Strategic and action planning

Table 7 reveals that participation of subordinates in strategic planning is less common in Nordic and Germanic SBUs compared to Anglo-Saxon SBUs (p < 0.001). We do not find differences in the autonomy subordinates have in developing action plans between the studied cultures. We also asked respondents how short-term targets are set for both ends and means. In the majority of the SBUs, top management set targets for ends, i.e. what needs to be achieved, either as a top-down process or based on negotiations, and we do not find cultural differences in terms of autonomy granted to subordinates in setting targets for ends. Subordinates have, on average, more impact on targets set for means (i.e. how ends are to be achieved), but we find no cultural differences in this regard either.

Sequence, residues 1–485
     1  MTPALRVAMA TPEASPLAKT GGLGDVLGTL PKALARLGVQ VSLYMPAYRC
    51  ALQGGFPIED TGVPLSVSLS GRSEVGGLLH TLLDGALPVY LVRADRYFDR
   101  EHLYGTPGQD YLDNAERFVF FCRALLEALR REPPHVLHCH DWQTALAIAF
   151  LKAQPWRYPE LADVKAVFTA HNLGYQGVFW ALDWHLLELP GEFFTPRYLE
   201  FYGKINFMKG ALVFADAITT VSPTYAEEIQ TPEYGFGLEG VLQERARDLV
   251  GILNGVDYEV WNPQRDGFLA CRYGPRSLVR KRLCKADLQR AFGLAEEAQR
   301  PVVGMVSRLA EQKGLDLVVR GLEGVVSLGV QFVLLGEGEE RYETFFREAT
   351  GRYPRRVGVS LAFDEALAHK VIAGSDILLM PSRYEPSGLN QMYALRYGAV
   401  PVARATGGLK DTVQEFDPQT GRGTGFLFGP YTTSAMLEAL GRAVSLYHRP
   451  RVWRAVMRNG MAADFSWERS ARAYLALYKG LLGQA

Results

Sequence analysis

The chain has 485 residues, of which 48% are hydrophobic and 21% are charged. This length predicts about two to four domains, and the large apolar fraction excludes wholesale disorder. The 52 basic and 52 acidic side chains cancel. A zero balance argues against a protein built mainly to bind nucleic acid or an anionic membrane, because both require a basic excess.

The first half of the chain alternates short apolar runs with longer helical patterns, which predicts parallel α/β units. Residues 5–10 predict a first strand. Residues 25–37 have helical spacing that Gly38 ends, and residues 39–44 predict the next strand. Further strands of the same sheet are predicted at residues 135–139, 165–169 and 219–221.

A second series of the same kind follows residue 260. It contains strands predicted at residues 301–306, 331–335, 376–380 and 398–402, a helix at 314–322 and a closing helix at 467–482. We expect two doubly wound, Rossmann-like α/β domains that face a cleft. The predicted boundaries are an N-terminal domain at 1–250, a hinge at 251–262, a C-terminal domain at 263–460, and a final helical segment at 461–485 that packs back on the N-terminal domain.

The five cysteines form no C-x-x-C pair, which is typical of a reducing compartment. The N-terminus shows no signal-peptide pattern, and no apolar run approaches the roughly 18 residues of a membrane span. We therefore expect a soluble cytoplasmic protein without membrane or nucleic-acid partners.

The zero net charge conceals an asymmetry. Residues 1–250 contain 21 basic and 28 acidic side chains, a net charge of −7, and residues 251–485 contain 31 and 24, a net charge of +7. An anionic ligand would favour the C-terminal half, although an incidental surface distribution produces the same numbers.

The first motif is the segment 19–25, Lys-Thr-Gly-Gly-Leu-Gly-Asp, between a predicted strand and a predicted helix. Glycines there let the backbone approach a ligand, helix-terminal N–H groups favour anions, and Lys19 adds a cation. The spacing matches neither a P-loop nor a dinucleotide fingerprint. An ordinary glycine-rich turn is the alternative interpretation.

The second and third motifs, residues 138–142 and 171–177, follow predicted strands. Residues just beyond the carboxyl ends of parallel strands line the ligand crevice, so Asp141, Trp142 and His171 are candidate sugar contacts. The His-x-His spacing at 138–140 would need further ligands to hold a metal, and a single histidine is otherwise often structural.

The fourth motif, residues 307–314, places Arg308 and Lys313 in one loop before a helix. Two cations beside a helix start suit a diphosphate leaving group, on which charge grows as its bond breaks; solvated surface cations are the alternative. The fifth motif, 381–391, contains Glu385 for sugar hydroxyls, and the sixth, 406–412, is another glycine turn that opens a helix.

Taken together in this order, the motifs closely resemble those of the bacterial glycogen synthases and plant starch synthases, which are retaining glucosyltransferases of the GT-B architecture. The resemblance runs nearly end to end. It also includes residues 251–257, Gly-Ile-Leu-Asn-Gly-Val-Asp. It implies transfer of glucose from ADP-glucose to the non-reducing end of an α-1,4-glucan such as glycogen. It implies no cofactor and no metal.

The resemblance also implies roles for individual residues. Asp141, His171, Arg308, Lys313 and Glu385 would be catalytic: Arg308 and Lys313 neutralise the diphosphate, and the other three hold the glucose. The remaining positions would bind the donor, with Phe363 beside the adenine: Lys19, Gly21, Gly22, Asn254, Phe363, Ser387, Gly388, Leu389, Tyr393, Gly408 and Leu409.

Table 7 ANCOVA results for strategic and action planning

In prior accounting literature, participation is related to power distance and individualism, but it is discussed mainly in relation to budgeting rather than strategic planning. The finding that subordinates in the Anglo-Saxon region participate in strategic planning activities more than their counterparts in the Germanic and Nordic regions cannot be explained by differences in power distance or institutional and in-group collectiveness (see Table 2). The low uncertainty avoidance and high humane orientation in the Anglo-Saxon region is consistent with the more prevalent participation in strategic planning. Managers in this region get along with the uncertainty of strategic planning and do not expect their superiors to give them precise instructions on how to act. Through participation, subordinates feel that they are taken seriously, welcome the investment in interpersonal relationships, and appreciate the trust their superiors place in them. Although the studied cultural regions differ in terms of institutional collectivism, our results indicate no significant variations in participation in action planning processes.